the En^liah are the itupidest in speech, the
wisest in action. Paat and Preient. Chap, 5,

Every noble crown is, and on earth will
forever be, a crown of thorns.

Book Sy ehap, 8,

Blessed is he who has found his work ;
let him ask no other blessedness. Chap, XI,

The " wages " of every noble work do yet
lie in Heaven or else nowhere. Chap, 12.

The notion that a man's liberty consists
in ^ving his vote at election-hustings, and
s^yuig, "Behold, now, I too have my
twen^-thousandth part of a Talker in our
National Palaver.** Chap, IS,

Man everywhere is the bom enemy of lies.
Heroes and Hero Worship. Leet, 1,

Quackerv eives birth to nothing; gives
death- to aU things. lb.

Worship is transcendent wonder. lb,

Ihe Hero can be a Poet, Prophet, King,
Priest or what you will, accorain^ to the
kind of world he finds himself bom mto.


Poetry, therefore, we will call MwdetU

Thought, lb.

Three million paupers . . . these are

but items in the sad ledger of despair.

Latter Day Pamphleto (1880).

No, 1, The Pretent Titne,

Littie other than a red-tape talking-

machine and unhappy bag of parliamentary

eloquence. JS.

Respectable Professors of the Dismal

Science. lb.

Indiscriminate mashing up of right and

wrong mto a patent n-eacle.

No. f . Model Fritatu.
A healthy hatred of scoundrels. lb.

The world's busybody.

JVb. S. Downing Street,

That domestic Irish Giant, named of

Despair. lb.

Idlers, game preservers and mere human

clothes-horses. lb.

The trade of owning land.

iVb. 4. The New Downing Street,

Beautiful talk is by no means the most
pressing want in Parliament !

No, 6. Stump Orator.

Nature admits no lie. lb.

Is not the Times newspaper an open
Fomm, open as never Forum was before,
where all mortals vent their opinion, state
their grievance. No. 6. Farliamente.

A Parliament speaking through reporters
to Buncombe and the twenty-seven millions,
mostiy fools. lb.

The talent of lying in a way that cannot
be laid hold of. No, 7. Hudson* t Status.

The fine arts once divorcing themselTea
from truth, are quite certain to fall mad, if
they do not die. No. 8, Jetuitum,

Tmth, fact, is the life of all things:
falsity, *' fiction ** or whatever it may call
itself, is certain to be the death. Jb.

All history .... is an inarticulate Bible.*


Without oblivion there is no remembranos

possible. CromweU's Letters and Speediaa.


He that works and does some Poem, not
he that merely says one, is worthy of the
name of Poet Tb,

Blessed are the valiant that have lived in
the Lord. Vol, 6, part 10.

Genius, which means the transcendent
capacity of taring trouble, first of all.t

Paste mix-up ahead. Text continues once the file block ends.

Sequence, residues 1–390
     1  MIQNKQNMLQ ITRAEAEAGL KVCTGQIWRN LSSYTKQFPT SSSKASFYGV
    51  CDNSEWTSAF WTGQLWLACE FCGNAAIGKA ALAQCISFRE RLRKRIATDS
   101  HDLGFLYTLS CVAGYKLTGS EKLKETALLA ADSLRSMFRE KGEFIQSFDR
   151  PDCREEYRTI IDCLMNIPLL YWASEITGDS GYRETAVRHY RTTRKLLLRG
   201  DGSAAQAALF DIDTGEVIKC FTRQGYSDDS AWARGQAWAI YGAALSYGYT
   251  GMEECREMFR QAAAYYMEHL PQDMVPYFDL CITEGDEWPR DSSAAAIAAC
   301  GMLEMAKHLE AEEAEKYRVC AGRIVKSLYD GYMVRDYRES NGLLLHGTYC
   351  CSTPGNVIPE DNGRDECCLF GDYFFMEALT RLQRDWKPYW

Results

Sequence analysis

Frederick the Great. £ook ^ chap. S,

Money, which is of very uncertain valoe,
and sometimes has no value at all and evea
less. lb.



The tme Sovereign is the Wise Man.

On the Death of Ooeth*.




All hope abandon, ye who enter here.

Dante. (Transiation, 18ISJ)
Sea. Canto 3, /. 9.

Here must thou all distrust behind thee
leave. L I4,

This miserable fate
Suffer the wretched souls of those who

Without or praise or blame. /. 610.

• "AU history Is a Bible— a thing stated in
words by ma more tlmn once. " - -Quoted in
Froude'i " Early Life of Carlyle " iq.v.) as part of
a " loose sheet of rejected MS."

t Sie " French QuoUtlons," BuiTon 0707-1788),
'*La fftoie n'est autre chose qu'une granWe
aptiiude A la patience." Also "Pruverbs,"
** Genius is pstienoe."

} Sh Sterne: "Tristram Shandy"
BineU: " Obiter Dicta."

and Aug.


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Ther spaka
Udom, Imt all thoir words were tonefol
■WBet. DaaU. HtU. Canto 4, l- HO.

Him all admize, all paj him rererenca
doa (AiiatoUe). 1. 130,

No greater grief than to remember days
^ lojt when misery ia at hand.*

Canto 5, 1 118,
In its leaves that day
We read no more. I. ISJ^

LeaTing behind them horrible dispraise.

Canto 8, I. 50.

Fraud, that in eyeiy oonscienoe leaves a

■ting. Canto 11, 1. 66.

•* If thoo," he answered, '• foUow but thy


Thoa canst not misB at last a glorious
baren." Canto 15, L 65.

fie Ustens to good purpose who takes note.

Ever to that truth,
"Wbidi bat the sembhmce of a falsehood

A man, if possible, should bar his lip.

Canto 16, 1. 147.
He re pity most doth show herself alive
IVlien she is dead. Canto tO, I. £6.

For not on down^ plumes, nor under shade
Of canopy reposmg, fame is won.

Canto t4, 1. 46,
To fair request
Silent performance maketh best return,

Ye were not formed to Uve the life of

But virtue to pursue, and knowledge high.

Canto §6, 1. 116,
No power can the impenitent absolve.

Gknto 27, 1. II4,
To hear
Sndi wrangling is a ioy for vulgar minds.

Canto SO, 1 145,
in manners were best courtesy to him.

Canto SS, 1. 148.

- Se^not the wherefore, race of human

kind. Furgatory. Canto S, I. 35.

For who knows most, him loss of time